A New Resource – The Internet

My resources up to this point had been from family members, cemeteries, census CDs, probate court records, LDS Family History Centers and many incorrect GECOMs. When the internet started, it opened a new world of opportunities for genealogists. RootsWeb was one of my favorites at that time and still had bulletin board style posts available where people exchanged information. In 2000 I moved back to Ohio. I also joined Ancestry.com and have been a member ever since. It is certainly not free but offers a wealth of information and family collections. However some Ancestry Trees are incorrect. A noticeable trait on Ancestry.com is members copy each other’s trees so mistakes move from one tree to another so be careful and validate the information before adding to your database. The same is true on Find-A-Grave. I have found children attached to the wrong parents and marriages with the wrong spouses as well. Always validate your source. In the years to come, there will probably be one resource as Ancestry.com seems to be buying everyone.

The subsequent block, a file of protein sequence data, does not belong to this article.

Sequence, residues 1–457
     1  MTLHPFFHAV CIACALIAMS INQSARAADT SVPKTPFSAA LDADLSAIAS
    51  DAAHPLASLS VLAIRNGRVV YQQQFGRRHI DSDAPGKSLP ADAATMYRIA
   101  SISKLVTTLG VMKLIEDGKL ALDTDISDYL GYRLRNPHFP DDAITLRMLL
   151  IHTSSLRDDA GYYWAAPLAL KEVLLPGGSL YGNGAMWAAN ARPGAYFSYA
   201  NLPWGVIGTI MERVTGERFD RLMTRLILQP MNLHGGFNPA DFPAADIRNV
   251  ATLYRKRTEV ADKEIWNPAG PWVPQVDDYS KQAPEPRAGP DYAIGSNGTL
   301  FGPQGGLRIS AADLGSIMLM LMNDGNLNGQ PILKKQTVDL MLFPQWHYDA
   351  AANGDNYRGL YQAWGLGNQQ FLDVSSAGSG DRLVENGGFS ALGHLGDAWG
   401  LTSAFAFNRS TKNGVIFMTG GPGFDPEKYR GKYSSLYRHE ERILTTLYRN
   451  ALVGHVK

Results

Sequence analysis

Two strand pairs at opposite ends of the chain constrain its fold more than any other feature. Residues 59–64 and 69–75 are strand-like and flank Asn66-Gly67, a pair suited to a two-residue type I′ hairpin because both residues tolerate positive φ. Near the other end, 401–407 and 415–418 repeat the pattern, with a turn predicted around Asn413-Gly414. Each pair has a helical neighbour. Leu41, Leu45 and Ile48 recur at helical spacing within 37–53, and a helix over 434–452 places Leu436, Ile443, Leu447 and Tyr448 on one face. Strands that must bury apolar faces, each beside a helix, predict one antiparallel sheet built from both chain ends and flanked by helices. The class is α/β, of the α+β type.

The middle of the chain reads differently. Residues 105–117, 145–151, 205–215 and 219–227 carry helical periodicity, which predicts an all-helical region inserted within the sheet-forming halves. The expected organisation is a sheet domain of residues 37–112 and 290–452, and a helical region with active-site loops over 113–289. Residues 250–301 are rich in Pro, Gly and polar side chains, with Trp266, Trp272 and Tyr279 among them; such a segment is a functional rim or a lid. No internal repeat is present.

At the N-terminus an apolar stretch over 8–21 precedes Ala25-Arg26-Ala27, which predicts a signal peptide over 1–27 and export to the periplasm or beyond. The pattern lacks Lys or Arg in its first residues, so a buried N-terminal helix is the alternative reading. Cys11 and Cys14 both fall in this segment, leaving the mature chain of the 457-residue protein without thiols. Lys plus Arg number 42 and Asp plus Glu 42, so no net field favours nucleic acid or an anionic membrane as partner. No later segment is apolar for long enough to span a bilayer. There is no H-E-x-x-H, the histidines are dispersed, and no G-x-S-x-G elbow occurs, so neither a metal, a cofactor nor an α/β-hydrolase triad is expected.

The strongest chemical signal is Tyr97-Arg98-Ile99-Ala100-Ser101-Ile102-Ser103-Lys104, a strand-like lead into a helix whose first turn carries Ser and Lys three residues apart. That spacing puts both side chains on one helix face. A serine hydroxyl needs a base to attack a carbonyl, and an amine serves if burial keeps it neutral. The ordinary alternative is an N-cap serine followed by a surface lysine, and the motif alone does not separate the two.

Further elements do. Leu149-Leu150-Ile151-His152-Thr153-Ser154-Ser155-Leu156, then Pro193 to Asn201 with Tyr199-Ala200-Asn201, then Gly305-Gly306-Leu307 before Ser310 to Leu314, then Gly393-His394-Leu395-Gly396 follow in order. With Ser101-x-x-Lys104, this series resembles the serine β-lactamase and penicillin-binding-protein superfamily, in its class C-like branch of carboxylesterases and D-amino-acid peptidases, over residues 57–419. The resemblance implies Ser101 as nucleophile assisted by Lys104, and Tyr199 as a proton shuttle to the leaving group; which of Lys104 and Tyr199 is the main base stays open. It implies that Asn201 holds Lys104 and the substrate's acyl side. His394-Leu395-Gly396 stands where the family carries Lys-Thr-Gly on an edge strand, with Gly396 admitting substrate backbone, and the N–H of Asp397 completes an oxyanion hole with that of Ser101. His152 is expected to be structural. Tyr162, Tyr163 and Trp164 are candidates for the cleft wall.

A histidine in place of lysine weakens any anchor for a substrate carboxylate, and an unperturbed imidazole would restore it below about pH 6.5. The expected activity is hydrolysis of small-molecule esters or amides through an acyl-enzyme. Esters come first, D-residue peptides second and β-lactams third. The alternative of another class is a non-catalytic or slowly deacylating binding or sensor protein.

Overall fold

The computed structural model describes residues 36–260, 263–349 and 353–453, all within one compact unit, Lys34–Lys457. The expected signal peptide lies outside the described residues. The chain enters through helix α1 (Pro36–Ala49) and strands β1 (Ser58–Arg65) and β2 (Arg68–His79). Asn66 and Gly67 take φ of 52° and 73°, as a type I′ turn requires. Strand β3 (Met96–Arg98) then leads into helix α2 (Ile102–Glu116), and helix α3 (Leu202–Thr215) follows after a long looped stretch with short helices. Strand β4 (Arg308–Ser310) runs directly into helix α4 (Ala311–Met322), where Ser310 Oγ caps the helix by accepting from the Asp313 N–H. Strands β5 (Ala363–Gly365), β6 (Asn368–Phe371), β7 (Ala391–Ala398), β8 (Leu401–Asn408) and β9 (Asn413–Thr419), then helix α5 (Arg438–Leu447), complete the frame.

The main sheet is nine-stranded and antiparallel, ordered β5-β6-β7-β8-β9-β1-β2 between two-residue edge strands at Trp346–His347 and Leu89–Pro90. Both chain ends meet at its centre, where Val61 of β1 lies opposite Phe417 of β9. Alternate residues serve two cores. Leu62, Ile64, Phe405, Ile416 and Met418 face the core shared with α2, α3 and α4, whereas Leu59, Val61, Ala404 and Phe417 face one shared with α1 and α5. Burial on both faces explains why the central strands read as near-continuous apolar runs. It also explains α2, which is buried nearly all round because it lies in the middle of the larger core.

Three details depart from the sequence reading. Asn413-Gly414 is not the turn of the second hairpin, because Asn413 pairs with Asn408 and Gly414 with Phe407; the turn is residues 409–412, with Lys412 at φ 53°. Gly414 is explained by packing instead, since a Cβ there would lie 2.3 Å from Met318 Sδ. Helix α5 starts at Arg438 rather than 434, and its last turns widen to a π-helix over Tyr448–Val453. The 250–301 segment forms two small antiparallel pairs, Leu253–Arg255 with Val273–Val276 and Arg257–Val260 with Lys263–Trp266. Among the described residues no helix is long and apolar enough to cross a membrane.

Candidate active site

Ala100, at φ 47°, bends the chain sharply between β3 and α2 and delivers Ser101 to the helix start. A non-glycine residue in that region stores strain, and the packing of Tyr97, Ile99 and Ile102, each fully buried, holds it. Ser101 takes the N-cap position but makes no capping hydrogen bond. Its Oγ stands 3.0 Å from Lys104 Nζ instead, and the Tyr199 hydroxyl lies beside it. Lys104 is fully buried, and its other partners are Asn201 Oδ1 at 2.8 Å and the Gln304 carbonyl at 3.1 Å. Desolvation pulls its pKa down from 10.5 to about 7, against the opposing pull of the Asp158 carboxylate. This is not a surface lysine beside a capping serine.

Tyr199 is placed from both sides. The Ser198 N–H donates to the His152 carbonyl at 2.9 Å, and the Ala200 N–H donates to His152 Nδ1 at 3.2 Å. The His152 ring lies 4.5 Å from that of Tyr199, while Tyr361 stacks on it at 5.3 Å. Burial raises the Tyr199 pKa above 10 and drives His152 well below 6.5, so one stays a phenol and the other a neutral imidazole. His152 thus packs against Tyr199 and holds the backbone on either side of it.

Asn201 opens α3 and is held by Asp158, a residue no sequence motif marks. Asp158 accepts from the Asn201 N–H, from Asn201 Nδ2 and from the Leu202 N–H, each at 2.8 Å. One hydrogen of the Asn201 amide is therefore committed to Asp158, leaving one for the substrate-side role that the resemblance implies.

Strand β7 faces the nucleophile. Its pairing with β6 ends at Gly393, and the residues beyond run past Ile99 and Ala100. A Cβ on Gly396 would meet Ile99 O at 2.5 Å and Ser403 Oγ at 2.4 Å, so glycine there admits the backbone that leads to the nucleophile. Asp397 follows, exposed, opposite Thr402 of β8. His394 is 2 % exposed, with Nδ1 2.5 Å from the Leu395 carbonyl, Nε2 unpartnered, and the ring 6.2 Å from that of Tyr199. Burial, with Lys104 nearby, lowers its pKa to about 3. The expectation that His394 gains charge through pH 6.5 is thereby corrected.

By 2016 my database had grown considerably. I had researched information for cousins and many others related by marriage. So instead of constantly printing narrative reports or emailing GEDCOMs I decided to create my own web page. After some careful research I settled on TNG The Next Generation of Genealogy software and a Synology Disk Station.

TNG was written by Darrin Lythgoe. There are numerous options and many MODs are available to customize the program. Support from the author, TNG WIKI and the TNG forums are excellent. As of this writing, TNG is a real bargain at just $32.99. I believe you will find this to be the best and most flexible genealogy software on the market.

Synology makes great products and there are many built-in features. However online instructions are often vague and tech support responses are often slow. The user forums are a great resource and often provide the most timely answers. Synology tends to limit control of many features which often prevents novice users from messing up the OS. That said, Synology offers a great product that can run websites, add network storage, serve up audio and video files, surveillance and many more features. The product is a great choice if you want to own and control your website instead of using a host.

While TNG and Synology are both excellent products some learning is required to setup a website. I have instructions on another website for TNG and Synology which you can visit by clicking here.

Last Edit October 28.2017